A world team of watchful observers caught the camera of an American robotic space plane X-37 B, which carried out its fourth mission on Earth.
Unmanned X-37 B was launched on May 20 at the top of the United Launch Alliance Atlas V rocket from Cape Canaveral in Florida. Detailed information about the mission, known as Orbital Test Vehicle-4, or OTV-4, is classified, but new satellite observations shed light on the activities of the spacecraft.
“This rocket is lower than normal, so it confused us first, because I thought it would be a standard orbit,” said tracker Greg Roberts, who lives in South Africa, Space.com. “The slope is also lower than it was before.”
Roberts captured photographs of a space plane with two second long exposures through what he calls “damn phone lines and power lines.”
X-37 B was designed and developed by Boeing Network & Space Systems, a division that also creates and distributes satellites used for weather forecasting, navigation services, communications and reconnaissance. The robotic car looks like a mini version of the NASA space shuttle, which is now retired. The Air Force has two spacecraft X-37 B, which together flew three missions before launch on May 20. OTV-1 was launched in April 2010 and landed in December, after 224 days in orbit. OTV-2 was launched in March 2011 and landed in June 2012, after 468 days in orbit. OTV-3 landed in October 2014, after spending 675 days in space.
All of these X-37 B missions have intrigued amateur astronomers: Roberts and Ted Molkan from Toronto, who are eager to see exactly where a space plane is flying.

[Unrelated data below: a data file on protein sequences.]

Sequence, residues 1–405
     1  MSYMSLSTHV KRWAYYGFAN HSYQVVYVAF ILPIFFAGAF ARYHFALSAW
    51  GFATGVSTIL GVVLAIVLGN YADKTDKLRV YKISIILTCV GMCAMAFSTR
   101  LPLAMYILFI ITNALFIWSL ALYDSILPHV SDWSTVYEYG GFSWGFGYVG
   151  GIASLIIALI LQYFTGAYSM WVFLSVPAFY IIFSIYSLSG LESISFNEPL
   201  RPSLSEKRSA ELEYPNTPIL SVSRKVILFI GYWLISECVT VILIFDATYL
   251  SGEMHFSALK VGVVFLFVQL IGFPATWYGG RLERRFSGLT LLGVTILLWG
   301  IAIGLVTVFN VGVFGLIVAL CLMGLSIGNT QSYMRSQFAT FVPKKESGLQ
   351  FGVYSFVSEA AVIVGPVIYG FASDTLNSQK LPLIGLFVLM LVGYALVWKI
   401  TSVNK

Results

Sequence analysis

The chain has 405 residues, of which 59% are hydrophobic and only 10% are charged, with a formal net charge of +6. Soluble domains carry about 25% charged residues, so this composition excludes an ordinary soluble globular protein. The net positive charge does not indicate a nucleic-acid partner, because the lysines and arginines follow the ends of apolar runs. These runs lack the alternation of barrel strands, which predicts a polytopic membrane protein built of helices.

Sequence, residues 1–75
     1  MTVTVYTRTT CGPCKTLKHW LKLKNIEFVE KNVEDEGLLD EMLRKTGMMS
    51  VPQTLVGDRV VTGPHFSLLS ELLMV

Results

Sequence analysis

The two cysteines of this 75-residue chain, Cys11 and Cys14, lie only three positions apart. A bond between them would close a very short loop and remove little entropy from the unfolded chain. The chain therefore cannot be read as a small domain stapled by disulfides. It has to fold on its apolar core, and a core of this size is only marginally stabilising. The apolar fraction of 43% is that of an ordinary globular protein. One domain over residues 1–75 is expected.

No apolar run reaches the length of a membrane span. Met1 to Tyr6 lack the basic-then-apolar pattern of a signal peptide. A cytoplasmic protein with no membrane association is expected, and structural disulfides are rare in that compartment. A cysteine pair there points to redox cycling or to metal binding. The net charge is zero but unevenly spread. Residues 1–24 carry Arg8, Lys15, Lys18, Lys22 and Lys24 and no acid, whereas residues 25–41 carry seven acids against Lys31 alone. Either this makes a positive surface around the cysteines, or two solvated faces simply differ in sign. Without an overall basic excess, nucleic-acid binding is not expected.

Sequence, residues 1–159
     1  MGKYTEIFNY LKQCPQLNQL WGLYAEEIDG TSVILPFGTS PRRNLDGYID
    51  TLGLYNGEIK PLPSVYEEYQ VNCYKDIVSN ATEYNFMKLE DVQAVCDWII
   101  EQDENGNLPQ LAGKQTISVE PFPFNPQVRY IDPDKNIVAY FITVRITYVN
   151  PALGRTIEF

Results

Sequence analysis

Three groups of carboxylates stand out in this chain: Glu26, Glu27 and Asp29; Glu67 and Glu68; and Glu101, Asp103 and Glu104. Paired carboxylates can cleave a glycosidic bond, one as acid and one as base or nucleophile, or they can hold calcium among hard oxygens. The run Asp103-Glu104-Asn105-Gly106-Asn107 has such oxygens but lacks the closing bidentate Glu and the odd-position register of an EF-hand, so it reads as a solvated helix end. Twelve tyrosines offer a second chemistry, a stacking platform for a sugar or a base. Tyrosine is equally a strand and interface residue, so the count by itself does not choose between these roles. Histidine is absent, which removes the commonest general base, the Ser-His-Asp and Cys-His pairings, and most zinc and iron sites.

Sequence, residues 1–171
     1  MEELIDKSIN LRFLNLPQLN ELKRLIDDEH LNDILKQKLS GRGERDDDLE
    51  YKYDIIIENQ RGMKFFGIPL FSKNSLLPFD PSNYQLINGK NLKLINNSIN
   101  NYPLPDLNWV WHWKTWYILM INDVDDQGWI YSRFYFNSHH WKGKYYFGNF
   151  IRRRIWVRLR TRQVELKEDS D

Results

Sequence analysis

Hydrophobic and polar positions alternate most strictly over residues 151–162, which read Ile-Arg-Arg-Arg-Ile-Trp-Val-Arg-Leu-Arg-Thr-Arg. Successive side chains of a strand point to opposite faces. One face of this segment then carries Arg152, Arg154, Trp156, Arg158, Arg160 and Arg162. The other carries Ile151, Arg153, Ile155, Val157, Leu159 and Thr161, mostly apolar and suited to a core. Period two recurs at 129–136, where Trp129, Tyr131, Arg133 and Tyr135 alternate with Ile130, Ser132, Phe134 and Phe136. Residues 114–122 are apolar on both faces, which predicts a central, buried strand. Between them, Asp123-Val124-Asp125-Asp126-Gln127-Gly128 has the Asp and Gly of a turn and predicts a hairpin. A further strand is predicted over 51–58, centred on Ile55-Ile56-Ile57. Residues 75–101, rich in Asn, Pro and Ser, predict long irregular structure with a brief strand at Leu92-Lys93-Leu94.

Molktsan heads a group of amateurs who like to watch satellites. Together with Roberts, he organized a team of amateur astronomers scattered around the world, whose work revealed the X-37 B at the very opening of the visibility window, immediately after the launch of the OTV-4.
“Launch tracking is highly dependent on the organization of the analysis of the orbit. A single observer can be clouded by clouds for several days, ”Molktsan told Space.com. This may push the discovery forward a few days.
For example, Molktsan said that the slope of the OTV-4 by 38 degrees is the lowest of the programs X-37 B. The previous slope of the OTV-1 is 40 degrees. The OTV-4 also has the lowest initial altitude — 198 miles (318 kilometers) —when the X-37 B was launched. The previous low OTV-2 was 205 miles (330 km). “The only thing that OTV-4 has in common with its predecessors is that the track of the earth repeats every 31 turns, which takes two days,” says Molktsan.
“In previous missions of OTV, the interval between repetitions of earth tracks varied from two to six days,” says Molktsan. “Thus, we will not be surprised when we see that the OTV-4 behaves in the same way.
“Such changes are easy to carry out by maneuvering a vehicle in order to slightly correct the orbital period,” added Molktsan.
The Air Force did not report how long the OTV-4 will be in the air. When the ship goes down, it can land on the program X-37 B, which has not yet been used: at the NASA Kennedy Space Center in Florida. Those previous missions landed on the Vandenberg Air Force Bas in California.